This morning the Supreme Court issued orders from the justices’ private conference last week. The justices did not add any new cases to their argument calendar for next term. Perhaps most significantly, they did not act at all on the 10 gun rights cases that they had considered for a second time at last week’s conference.
The gun rights cases have all been on hold, some for over a year, presumably until the court issued its decision in the challenge to New York City’s ban on the transport of handguns outside the city. The justices dismissed that case as moot at the end of April, and a few hours later the court had distributed the 10 petitions for consideration at the justices’ May 1 conference. The justices normally only grant review after they have considered a petition at two consecutive conferences, so it was no surprise that they did not act on the petitions when they issued orders on May 4. There’s no way to know whether the justices are still trying to choose among the petitions, have not yet decided what to do or have some other reason for waiting to act on the petitions.
The justices denied review in Wexford Health v. Garrett, involving whether a prisoner who does not use all the administrative remedies available to him before filing a lawsuit can “cure” that failure by filing an amended complaint after he is released from prison. The question came to the court in the case of Kareem Garrett, who was a prisoner in the Pennsylvania correctional system when he filed a federal civil rights lawsuit against prison officials and medical staff in 2014. Garrett alleged, among other things, that the officials and staff ignored his serious medical needs – by ending his use of a walker, for example, and stopping his psychiatric medications. The defendants in the case argued that the Prison Litigation Reform Act required the court to dismiss the claims that Garrett had not first raised administratively, but the U.S. Court of Appeals for the 3rd Circuit disagreed. It ruled that although Garrett had been required to exhaust his administrative remedies, his May 2015 release from prison cured the problem.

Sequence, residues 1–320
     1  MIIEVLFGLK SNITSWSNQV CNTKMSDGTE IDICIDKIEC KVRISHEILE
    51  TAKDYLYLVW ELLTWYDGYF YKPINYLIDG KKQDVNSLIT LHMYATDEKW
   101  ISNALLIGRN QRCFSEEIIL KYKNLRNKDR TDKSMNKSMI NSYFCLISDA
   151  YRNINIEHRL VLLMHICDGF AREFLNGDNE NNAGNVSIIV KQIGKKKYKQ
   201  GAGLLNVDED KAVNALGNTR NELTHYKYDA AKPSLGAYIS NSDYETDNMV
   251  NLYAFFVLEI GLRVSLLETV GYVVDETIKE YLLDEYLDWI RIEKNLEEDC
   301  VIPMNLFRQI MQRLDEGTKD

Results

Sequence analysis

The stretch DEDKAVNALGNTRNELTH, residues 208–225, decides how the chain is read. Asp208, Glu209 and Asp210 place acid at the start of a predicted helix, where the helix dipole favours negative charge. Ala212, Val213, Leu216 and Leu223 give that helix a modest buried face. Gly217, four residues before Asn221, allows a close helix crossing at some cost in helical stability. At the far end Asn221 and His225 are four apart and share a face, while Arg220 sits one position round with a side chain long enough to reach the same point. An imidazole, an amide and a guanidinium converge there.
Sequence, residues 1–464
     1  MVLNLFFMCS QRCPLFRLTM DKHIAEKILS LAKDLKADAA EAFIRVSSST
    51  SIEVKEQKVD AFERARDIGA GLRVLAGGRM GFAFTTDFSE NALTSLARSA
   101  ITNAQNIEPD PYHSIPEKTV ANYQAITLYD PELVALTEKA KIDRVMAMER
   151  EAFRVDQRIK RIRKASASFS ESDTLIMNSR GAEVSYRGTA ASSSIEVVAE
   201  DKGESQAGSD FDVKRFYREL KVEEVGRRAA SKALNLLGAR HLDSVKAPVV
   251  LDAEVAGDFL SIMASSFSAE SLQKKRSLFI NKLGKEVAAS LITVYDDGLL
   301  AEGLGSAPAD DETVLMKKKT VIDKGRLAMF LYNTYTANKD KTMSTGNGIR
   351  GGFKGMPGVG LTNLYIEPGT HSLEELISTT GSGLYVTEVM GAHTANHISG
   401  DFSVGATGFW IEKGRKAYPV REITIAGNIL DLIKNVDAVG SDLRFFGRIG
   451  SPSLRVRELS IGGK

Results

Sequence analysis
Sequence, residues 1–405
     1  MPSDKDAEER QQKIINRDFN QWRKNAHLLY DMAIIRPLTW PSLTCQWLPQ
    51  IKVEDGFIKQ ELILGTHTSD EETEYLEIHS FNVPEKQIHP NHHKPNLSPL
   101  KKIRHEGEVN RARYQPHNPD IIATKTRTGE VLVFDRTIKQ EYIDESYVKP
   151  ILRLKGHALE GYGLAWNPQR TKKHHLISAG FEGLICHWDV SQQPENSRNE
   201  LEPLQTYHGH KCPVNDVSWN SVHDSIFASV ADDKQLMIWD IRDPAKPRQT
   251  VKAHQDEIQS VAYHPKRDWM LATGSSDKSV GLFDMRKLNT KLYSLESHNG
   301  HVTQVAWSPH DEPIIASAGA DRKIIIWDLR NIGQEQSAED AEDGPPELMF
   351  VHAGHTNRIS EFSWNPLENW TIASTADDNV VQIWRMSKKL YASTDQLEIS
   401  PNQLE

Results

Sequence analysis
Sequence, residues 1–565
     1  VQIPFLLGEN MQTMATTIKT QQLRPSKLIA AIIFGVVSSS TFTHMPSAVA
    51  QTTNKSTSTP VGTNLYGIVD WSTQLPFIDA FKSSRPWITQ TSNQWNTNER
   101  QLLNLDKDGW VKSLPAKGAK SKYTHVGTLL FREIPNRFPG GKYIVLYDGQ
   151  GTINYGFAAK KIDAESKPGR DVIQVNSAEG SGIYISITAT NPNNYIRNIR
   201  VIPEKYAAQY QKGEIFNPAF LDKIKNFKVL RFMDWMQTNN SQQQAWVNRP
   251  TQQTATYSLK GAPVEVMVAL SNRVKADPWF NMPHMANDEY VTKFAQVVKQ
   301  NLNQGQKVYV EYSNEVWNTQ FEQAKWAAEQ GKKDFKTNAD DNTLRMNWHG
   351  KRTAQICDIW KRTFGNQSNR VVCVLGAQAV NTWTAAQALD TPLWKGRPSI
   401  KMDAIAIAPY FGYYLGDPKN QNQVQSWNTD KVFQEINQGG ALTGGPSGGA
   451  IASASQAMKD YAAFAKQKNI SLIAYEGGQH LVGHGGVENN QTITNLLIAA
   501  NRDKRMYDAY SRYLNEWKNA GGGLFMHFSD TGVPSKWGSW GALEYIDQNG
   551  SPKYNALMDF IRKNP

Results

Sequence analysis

Justice Clarence Thomas dissented from the denial of review. Thomas observed that the courts of appeals are divided on the question presented by Wexford Health’s petition and that the resolution of that question “will have significant ramifications for not only prisons and prison officials but also federal courts” because of the large number of lawsuits filed by prisoners challenging prison conditions. Until the question is resolved, Thomas emphasized, prisoners in different parts of the country will face different and unequal requirements under the PLRA.
The justices also turned down a trio of petitions (here, here and here) asking them to review rulings by lower courts finding that government officials were entitled to qualified immunity from lawsuits. In two of the cases, “friend of the court” briefs supporting the requests for review had urged the justices not only to grant review, but also to rethink the doctrine of qualified immunity more broadly, but the justices denied the petitions without comment.
The justices’ next conference is scheduled for Thursday, May 21. We expect orders from that conference on Tuesday, May 26, at 9:30 a.m. EDT.
This post is also published on SCOTUSblog.